The Electric Bus II
The shock box was such a success, we decided to try another electrical gag. This one involved the dome light, which is the
ceiling light just above and to the right of the driver's head. It's to light the cab, either when people are getting on or off, or for
the driver to look at a map. We opened the driver's control panel, and ran a set of parallel wires off the dome light switch. We
snaked them through the upholstery and up under another seat in the lounge, where they were soldered to a switch. Now the
driver could turn the dome light on and off, and so could we.

Again, we started very slowly. One night, on the notoriously bumpy Pennsylvania Turnpike, Danny reached under the seat,
and with his hand on the switch, waited for a good bump in the road. When we hit one, he'd flash the dome light on, just for
an instant. After the second or third bump and flash, we could hear the driver muttering "...crazy thing's got a short in it..."

The next night we continued, and ramped up the frequency of the flashes. At one point, Danny was flashing it in time with the
thumping bass of Steely Dan's "Hey Nineteen" on the bus stereo. The driver remarked, "Look at that, will ya? The sound
waves are vibrating that thing and makin' it come on!"

A few nights later, I had a brainstorm. As a former psychology major, I thought it would be great fun if we could teach the
guys a "learned behavior", the same way you teach a rat to negotiate a maze. The plan was this: I would sit in the jump seat,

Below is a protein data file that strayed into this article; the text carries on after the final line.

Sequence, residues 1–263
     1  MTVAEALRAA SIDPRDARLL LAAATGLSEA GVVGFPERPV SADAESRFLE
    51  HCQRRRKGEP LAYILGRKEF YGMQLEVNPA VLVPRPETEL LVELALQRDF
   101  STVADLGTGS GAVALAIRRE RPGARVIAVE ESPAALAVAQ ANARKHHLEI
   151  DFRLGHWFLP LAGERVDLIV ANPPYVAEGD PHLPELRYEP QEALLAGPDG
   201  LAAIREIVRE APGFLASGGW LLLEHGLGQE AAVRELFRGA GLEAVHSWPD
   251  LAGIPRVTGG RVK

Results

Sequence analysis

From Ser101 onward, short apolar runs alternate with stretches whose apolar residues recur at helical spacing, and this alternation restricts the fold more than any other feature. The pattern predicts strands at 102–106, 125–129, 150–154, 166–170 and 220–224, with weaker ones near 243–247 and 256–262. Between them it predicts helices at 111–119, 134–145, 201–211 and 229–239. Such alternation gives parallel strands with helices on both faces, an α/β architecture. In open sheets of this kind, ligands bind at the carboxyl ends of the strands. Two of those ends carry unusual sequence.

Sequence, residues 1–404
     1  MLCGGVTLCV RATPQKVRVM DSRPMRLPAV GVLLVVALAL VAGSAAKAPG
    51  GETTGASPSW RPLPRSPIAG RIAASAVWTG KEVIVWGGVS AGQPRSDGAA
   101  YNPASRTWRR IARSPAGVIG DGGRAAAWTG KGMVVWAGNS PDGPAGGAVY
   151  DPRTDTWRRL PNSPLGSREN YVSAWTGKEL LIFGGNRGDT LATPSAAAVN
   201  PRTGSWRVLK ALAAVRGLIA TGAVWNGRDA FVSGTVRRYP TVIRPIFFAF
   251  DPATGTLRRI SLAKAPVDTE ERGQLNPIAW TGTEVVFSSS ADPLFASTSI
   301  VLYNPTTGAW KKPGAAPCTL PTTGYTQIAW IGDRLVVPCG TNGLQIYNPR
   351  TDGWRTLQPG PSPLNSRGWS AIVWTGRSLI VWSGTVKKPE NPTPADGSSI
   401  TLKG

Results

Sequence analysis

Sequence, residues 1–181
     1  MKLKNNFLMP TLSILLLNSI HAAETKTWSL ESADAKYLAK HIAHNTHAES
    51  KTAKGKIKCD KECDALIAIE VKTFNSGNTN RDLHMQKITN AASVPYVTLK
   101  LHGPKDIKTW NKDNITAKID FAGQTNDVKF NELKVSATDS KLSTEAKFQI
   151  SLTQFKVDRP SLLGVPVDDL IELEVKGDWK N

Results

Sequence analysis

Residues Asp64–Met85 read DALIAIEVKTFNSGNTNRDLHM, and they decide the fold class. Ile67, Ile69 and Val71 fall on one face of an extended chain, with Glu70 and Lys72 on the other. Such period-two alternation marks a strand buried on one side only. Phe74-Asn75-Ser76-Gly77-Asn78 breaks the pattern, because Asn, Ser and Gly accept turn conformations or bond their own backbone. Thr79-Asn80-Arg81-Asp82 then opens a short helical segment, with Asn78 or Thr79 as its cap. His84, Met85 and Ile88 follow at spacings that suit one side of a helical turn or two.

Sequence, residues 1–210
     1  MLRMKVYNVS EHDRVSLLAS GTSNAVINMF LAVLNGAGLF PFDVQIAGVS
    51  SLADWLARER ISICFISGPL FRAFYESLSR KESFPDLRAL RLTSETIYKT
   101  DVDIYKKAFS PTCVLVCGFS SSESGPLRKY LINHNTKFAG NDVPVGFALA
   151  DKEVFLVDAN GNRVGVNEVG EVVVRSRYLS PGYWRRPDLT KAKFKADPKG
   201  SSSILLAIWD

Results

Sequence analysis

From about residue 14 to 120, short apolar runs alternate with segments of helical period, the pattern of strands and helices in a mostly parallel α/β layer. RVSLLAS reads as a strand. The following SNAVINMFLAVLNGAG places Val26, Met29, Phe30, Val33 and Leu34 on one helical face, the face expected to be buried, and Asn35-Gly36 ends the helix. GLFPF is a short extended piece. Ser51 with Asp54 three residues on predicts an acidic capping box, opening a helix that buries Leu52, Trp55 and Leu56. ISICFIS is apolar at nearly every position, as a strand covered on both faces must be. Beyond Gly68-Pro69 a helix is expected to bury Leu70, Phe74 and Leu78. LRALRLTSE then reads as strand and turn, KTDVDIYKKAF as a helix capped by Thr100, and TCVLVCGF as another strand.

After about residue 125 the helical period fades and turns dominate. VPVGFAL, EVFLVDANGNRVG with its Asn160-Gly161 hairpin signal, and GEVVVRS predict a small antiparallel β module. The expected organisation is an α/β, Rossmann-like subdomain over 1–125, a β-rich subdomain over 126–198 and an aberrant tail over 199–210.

(next to the driver) and shoot the breeze with him, as I often did. After 30 min. or so, Danny would flash the dome light a few
times, then turn it on and leave it on. I would get up and, looking annoyed, bang the ceiling next to the light with my fist. When
I did this, Danny was to turn the light back off. We executed this perfectly, and about 20 minutes later, did it again.

The next night, it was time to test the subjects, and see if the seeds had taken root. Roger, (our guitarist), was in the jump
seat, and Danny flicked the light a couple of times, then left it on. Randy, (the driver) looked up at it and immediately said,
"Hey Rog, do me a favor. Hit the ceiling next to that light. It's got a loose wire or something." Roger stood up and pounded the
ceiling, and Danny instantly flipped the light off. Danny turned to me, and in a quiet, robotic voice, said, "Subjects are
responding well to behavioral conditioning."

Soon, no matter who was driving or who was in the jump seat, the whole entourage had trained one another to hit the ceiling
when the light came on.

Just like rats in a Skinner box.